State fiscal conditions rebounded nicely in fiscal year 2005, and many states began to restore funding to programs that were cut during less prosperous times, according to a joint publication by the National Governors Association and the National Association of State Budget Officers. However, even though revenue increased in 2005, the report, The Fiscal Survey of States: December 2005, found that states, perhaps still mindful of the quick decline in revenue that occurred in 2001, remain cautious. Even with revenues strong, half of the states passed additional tax increases, while only 14 states enacted net decreases. Overall, state taxes increased by $2.5 billion.
While the federal government is expected to run up a record deficit for the 5th straight year, states do not have that luxury. (Forty-nine states all except Vermont have balanced budget requirements.) During the economic downturn, states were forced to address projected budget shortfalls through tough decision-making and necessary belt-tightening-“precisely what Washington did not do,” as a Washington Post article on the report notes. “As the Bush administration cut federal taxes and increased government spending year after year, the states slashed programs left and right while boosting taxes, tuition bills and user fees,” it reads.
Even though they are back in the black, states still face several fiscal challenges, including underfunded employee pensions, accounting changes related to retiree benefits, deteriorating infrastructure, and a growing school-age population. At the same time, the pressure to spend is still there, especially after the steep cuts to popular programs that had to be made from 2002 to 2004. Most of all, Medicaid spending will have a significant impact on state budgets.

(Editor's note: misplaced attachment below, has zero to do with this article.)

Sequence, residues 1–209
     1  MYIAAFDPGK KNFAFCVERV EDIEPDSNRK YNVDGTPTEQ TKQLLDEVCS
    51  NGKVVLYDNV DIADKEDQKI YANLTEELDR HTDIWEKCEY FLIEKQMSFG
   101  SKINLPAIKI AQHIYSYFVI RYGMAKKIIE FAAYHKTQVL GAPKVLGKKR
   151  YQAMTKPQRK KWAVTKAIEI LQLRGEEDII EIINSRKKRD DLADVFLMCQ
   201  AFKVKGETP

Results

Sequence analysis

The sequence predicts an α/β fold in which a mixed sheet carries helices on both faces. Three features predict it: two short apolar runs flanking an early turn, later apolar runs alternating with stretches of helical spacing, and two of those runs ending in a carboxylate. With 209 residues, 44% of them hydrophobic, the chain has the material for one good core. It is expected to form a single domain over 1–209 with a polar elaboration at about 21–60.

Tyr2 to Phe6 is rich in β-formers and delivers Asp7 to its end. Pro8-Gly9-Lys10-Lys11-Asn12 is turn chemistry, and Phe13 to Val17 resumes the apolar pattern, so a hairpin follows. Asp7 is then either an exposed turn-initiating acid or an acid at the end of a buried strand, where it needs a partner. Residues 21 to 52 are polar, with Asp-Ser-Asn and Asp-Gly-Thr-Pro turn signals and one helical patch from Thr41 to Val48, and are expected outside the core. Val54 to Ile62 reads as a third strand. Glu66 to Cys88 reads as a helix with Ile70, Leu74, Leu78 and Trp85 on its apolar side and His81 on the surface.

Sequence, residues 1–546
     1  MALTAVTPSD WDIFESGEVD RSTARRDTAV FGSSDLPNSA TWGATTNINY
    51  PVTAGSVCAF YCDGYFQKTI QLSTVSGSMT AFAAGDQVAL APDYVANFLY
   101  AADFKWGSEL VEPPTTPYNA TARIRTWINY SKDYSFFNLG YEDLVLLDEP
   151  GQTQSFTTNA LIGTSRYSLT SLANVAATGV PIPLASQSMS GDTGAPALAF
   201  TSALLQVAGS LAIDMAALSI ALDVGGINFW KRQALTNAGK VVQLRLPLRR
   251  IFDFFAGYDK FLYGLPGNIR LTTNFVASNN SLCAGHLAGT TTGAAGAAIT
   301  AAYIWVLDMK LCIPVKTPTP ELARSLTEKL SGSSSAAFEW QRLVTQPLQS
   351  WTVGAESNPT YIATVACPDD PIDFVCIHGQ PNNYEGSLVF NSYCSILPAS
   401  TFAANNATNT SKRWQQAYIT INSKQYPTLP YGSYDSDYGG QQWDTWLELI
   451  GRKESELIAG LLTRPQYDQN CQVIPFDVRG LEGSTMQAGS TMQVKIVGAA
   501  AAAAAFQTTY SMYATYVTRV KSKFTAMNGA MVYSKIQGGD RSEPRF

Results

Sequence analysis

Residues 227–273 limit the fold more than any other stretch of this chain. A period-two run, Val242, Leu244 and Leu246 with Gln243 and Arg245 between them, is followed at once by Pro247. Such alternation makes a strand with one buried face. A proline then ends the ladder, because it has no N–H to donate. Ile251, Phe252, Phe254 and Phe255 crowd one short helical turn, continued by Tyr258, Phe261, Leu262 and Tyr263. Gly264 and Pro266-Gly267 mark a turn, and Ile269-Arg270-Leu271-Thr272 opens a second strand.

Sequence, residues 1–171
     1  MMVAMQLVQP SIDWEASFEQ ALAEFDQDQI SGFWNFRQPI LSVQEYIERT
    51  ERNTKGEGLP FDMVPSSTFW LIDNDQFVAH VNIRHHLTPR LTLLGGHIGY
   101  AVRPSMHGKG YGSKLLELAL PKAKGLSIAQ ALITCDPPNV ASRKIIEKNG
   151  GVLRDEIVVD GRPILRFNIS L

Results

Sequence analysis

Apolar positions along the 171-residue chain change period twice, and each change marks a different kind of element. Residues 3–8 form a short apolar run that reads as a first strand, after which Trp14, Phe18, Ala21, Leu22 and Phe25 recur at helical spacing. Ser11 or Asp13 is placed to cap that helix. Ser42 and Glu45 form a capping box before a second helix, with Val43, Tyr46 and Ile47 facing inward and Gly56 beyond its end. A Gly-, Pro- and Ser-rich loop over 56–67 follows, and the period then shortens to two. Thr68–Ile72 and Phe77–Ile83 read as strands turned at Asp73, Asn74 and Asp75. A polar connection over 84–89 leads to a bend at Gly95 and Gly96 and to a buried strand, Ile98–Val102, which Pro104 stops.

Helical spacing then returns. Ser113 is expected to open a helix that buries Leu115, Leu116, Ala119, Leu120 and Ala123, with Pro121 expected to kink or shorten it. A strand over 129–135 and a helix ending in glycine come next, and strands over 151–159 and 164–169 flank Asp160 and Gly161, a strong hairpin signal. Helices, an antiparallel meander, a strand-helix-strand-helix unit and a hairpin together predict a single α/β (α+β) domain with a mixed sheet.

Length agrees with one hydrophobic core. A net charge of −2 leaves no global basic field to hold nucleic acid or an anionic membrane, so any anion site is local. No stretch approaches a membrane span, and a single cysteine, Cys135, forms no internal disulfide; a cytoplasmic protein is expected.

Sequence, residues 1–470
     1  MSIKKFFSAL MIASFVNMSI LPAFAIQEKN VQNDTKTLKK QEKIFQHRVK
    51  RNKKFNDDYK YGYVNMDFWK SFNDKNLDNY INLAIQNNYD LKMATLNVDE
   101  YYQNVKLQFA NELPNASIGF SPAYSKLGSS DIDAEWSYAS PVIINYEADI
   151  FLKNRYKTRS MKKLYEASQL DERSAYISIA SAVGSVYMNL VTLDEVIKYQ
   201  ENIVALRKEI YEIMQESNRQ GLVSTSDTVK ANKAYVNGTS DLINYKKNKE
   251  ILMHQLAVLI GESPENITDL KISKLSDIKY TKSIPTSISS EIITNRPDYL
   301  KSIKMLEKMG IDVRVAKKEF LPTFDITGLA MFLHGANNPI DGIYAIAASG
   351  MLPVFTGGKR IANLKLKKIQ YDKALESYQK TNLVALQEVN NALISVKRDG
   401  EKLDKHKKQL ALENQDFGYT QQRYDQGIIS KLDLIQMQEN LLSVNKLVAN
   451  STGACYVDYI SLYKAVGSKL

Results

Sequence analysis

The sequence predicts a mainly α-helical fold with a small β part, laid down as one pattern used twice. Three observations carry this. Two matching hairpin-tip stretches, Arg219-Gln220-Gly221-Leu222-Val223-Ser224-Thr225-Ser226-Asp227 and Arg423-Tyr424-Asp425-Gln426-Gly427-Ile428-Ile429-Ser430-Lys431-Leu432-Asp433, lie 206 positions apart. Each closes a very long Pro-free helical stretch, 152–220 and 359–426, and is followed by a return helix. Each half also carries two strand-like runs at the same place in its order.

Based on projections, Medicaid will continue to put a strain on budgets at the state level. In fact, at 22.5 percent of all state spending, Medicaid eats up the largest portion of a state’s budget, followed by elementary and secondary education (21.9 percent), higher education (10.8 percent), transportation (8.1 percent), corrections (3.4 percent), public assistance (2 percent), and all other expenditures (31.3 percent).
“With long-range projections of Medicaid growth between 8 and 9 percent, states are concerned that health care cost increases exceed state revenue growth,” the report reads. It adds that states also face uncertainty and concern about the impact of the Medicaid prescription drug benefit and potential federal changes in Medicaid on state budgets. Already, the report found, 22 states experienced Medicaid shortfalls in 2004, and 26 states anticipated shortfalls in 2005.
As the percentage of each state’s budget dedicated to Medicaid grows, other portions of the budget will likely decrease without continued revenue growth-a fact of concern for education advocates at both the federal and state levels.
“Revenue Is Starting to Burn Holes in States’ Pockets” is available at
The full report is available at http://www.nasbo.org/Publications/fiscalsurvey/fsfall2005.pdf.